For several years, probably after 1983 and up until around 2008, and dispersed to this day around crappy poker rooms, it was a rule that players could demand to see any called live hand. Variations abounded, like only the active player, or only the calling player, or only players at the table, could demand to see the folded hand. Obviously, this caused a cascade of ruthless nit angling, and the rule was changed in Las Vegas to what it is today around 2008, I think starting with the Bellagio or the Mirage.

The modern rule in most casinos is that if you call the floor over and ask to flip up a folded betting hand, he's supposed to explain that it's considered bad etiquette unless you think that player is cheating somehow. "Do you feel the player is cheating, sir?" Whatever he says, since you don't think the player is cheating [or you would have already thrown him out], you just tell him you don't think so and walk away. Unless he's a holdout or switch artist, it's tough to see how betting a losing had and folding on the river is a cheating move, and harder see how you can "catch" somebody this way.

Ask to see a bettor's mucked hand, and reveal yourself as either a noob or a jerk.

  • Note these are two very different things: an involved player asking to see one or more unshown hands because he suspects collusion is as your describe: usually a dick move, even if the rules allow it, as many do. But calling a bet for the purpose of seeing the bettor's hand is the very essence of Poker: "I'll see you" means just that...I'm paying full price to see what you charged me to see. In that case, it's your absolute right to see the hand and the floorman should assist you. And if the bettor tries to evade by pushing cards in the muck, he's the one making the dick move. – Lee Daniel Crocker Feb 26 '18 at 23:52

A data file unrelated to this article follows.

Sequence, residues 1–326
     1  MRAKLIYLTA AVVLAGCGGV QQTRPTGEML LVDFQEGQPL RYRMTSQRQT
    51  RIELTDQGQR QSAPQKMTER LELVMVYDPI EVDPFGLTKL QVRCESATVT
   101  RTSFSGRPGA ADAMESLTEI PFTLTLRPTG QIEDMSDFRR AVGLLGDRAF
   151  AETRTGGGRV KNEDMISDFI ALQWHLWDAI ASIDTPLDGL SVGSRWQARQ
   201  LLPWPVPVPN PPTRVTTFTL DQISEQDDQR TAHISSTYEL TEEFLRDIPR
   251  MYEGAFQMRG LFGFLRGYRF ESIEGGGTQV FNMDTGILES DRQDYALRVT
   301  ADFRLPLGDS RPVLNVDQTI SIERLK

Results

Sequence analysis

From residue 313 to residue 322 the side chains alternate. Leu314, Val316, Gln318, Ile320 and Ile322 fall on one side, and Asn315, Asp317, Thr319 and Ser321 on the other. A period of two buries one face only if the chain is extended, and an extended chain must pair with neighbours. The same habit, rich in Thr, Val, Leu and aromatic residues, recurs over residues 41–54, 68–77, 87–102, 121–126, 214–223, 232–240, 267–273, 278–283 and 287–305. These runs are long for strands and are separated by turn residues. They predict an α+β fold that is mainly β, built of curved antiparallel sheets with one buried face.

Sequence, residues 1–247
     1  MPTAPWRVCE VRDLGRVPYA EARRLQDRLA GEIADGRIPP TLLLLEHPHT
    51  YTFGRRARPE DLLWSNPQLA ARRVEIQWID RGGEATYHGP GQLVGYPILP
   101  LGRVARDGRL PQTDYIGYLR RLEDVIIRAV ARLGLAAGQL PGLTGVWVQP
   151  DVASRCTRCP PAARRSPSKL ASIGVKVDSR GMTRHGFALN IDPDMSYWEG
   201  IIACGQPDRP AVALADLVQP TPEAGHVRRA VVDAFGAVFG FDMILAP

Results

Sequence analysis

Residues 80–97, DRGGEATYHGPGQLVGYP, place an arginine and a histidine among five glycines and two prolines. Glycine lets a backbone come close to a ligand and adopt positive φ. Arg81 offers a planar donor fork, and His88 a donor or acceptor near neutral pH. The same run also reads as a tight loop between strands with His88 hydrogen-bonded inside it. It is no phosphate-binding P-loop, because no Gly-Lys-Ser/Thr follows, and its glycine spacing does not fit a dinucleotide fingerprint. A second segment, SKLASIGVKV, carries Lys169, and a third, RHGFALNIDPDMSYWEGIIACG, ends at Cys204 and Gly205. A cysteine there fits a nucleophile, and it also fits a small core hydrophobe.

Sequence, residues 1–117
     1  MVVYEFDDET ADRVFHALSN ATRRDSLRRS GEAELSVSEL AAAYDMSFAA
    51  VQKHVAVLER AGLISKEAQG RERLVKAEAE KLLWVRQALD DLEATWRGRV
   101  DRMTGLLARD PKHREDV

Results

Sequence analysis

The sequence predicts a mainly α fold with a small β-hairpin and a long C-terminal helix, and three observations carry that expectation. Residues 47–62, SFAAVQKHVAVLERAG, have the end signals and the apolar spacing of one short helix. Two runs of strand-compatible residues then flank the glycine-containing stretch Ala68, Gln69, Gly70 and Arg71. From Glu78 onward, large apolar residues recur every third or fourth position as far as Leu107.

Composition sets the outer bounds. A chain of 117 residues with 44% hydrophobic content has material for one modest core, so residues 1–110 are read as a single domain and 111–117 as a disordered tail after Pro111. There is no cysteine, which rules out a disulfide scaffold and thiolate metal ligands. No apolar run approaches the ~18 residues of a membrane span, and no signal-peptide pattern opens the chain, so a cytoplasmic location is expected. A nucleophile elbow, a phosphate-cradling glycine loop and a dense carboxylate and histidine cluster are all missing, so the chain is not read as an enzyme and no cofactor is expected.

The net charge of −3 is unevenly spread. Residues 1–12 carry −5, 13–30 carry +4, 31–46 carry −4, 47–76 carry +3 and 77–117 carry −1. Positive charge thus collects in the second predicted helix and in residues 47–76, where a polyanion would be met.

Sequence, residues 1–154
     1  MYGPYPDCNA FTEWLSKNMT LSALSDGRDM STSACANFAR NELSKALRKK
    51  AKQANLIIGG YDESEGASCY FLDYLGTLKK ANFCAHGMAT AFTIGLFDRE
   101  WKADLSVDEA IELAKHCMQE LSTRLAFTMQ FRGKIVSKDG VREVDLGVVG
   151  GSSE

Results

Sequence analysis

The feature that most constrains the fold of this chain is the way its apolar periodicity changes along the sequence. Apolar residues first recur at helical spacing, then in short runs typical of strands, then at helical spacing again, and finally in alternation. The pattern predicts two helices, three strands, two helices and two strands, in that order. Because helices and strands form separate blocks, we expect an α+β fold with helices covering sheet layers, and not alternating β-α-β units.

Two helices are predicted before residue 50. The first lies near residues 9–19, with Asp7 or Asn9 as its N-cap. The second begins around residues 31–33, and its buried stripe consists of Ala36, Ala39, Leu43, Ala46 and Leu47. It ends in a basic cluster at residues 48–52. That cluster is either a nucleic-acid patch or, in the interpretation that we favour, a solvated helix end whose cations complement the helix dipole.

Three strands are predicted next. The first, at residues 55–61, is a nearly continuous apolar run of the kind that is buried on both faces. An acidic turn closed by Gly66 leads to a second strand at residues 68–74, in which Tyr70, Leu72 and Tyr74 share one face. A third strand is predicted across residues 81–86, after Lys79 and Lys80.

• lol, no you're just wrong dude! When you call, your opponent has the option of throwing his cards away or tabling them. If he throws them away, the caller is the only person with cards and NO ONE has to show their cards, the hand is over. Please, if a floorman in Las Vegas helps you show the cards in this situation, let us know WHO AND WHEN, because I live in Vegas and don't believe it. I'll personally go and confirm it with them, and if it's true I'll report it back here. – John Dee Feb 27 '18 at 0:32
  • I was a poker floorman for about 10 years, and I can assure you that if a player asked me to show a hand he just paid $200 to see, I made damn sure he saw it, bettor's objections notwithstanding. Any floorman that doesn't understand the difference between these two situations shouldn't have the job. – Lee Daniel Crocker Feb 27 '18 at 1:22
  • When? I did describe how what you are saying was the general rule, starting in 1983 in California and existing up until around 2008, where the original rule began to be restored in Las Vegas. I agree that there are many places that still use the rule you're describing. I disagree with what you're saying about a job, because the rule is definitely implemented differently in different places. TODAY, I'm pretty sure you cannot flip over a folded hand ANYWHERE in Las Vegas, I could be wrong. If you know about a specific place, tell me and I'll confirm it or not. – John Dee Feb 27 '18 at 2:29
  • I'm talking about the specific situation: player A bets, player B calls, and the very next second player A mucks his hand. In the past, the active player in many casinos could flip up player A's cards, and they would be live. The funniest thing to happen was when player B lost the hand because player A misread his hand. I've seen that happen about 10 times in my life, and I laughed for a week. I don't think this can happen anywhere in 2018 though. – John Dee Feb 27 '18 at 2:33
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Yes.

If it's a cash game, you're under no obligation to show your hand if you don't want to win the pot. In an all-in situation in a tournament, usually the dealer would be required to turn the cards over, even if you don't want to show, but rules may vary depending on where you're playing.

Note that declining to show your hand at showdown is called "folding", just like relinquishing your hand at any other stage in the hand. "Mucking" is what the dealer does with the cards after you've folded them. If a player is able to muck their own cards, i.e., put them directly into the muck, the dealer isn't protecting the muck properly.